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Someone has already replaced the live axle with a new Ford Bronco

Live Axle simply refuses to die. Rugged, heavy and simple, they have been the flagship of serious off-road rigs for decades. Even when more modern platforms switch to independent front suspensions, traditionalists know what they like.To that end, a stubborn builder at Pacific Northwest is working on modifying Ford’s new Bronco with a working front-end suspension setup. The old-fashioned way.

NS The build begins with the complete disposal of the new Bronco’s original Independent Front Suspension (IFS). Instead, a live axle donated by the Ford Super Duty Truck is designated. To install the axle, Builder Kyle, Instagram @delfab__Manufactured a radius arm setup under the front end of the vehicle.Although they are considered inferior in some respects More complex 4-link design, Kyle called for a limited room under the truck.

The original rear axle has also been discarded. Like the front axle, it comes from Ford Super Duty, but Kyle doesn’t specifically specify which exact parts are used. We will contact you for clarification and update appropriately. It also has hydraulic steering in advance, which is a typical modification of live axle off-road vehicles with huge tires and a large suspension lift. The truck is set to win 40-inch Mickey Thompson Bajapro XS tires for a properly chunky off-road look.

There is 9.5 inch suspension travel available on average looking rigs, equipped with a 2.5 inch fox coilover. Supported by a forklift, Kyle will see the difference between the new setup and the Bronco articulation equipped with it. Original stock suspension. The contrast is day and night.. Improved articulation is the biggest benefit of switching to a live axle setup. This can be a huge benefit in situations where rock crawling is difficult. Adding flex allows the vehicle to secure its wheels to the ground for better traction.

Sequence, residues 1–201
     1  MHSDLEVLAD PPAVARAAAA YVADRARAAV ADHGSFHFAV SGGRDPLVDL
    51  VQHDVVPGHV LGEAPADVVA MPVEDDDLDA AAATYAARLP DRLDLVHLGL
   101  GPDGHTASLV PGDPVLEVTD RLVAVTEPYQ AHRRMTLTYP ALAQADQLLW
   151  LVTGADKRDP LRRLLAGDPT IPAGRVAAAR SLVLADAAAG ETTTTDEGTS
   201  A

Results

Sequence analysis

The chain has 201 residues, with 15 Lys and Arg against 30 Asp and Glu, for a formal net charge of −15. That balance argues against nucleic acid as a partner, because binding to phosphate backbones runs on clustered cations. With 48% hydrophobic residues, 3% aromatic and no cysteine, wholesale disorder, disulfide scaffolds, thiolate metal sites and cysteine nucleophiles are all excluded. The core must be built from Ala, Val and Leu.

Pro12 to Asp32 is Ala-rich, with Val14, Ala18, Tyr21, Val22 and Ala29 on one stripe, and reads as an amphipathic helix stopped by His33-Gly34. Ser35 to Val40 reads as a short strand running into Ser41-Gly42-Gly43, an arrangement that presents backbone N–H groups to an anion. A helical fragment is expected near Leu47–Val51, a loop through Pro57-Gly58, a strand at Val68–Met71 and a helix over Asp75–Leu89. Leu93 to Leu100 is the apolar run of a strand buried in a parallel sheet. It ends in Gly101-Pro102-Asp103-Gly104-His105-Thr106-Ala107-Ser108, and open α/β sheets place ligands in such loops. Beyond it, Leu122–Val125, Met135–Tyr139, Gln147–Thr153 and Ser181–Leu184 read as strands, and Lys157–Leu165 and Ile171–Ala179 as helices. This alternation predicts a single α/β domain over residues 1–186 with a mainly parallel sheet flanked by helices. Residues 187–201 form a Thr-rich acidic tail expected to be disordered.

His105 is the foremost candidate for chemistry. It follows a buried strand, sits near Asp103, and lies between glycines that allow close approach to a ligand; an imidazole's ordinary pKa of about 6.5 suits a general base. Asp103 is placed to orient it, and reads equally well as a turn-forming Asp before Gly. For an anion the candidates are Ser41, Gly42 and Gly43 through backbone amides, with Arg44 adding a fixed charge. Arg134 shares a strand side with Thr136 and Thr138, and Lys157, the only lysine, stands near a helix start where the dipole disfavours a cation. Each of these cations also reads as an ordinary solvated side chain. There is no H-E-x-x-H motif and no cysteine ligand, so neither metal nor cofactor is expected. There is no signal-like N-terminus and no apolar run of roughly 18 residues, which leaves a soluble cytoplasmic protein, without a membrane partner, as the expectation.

However, there are drawbacks to the live axle design. Steering components are exposed and can be easily damaged, and road manners are usually inferior to IFS setups. IFS setups are often desirable for high-speed work on dirt roads and sand, giving the driver better control in these situations.

As with any engineering decision, there are generally trade-offs in both directions. Kyle said he had some fever online, but he wasn’t enthusiastic about his quest. His local springboard is full of deep ruts and difficult rocks, and it’s a kind of terrain that appreciates the benefits of the axles he lives on. He doesn’t knock on the original IFS design and actually owns the Stock Bronco in addition to what he’s modifying. However, he also enjoys live axle builds and finds both approaches worthwhile.

In a live axle setup, the stance that results from the track is impressive, to say the least. This project is a SEMA build and should give an average impression on the Las Vegas floor this November.While Ford is still Difficult to produce Bronco, We are fully expecting to see many modified examples at the show. They need to bring a powerful game to get into the limelight.

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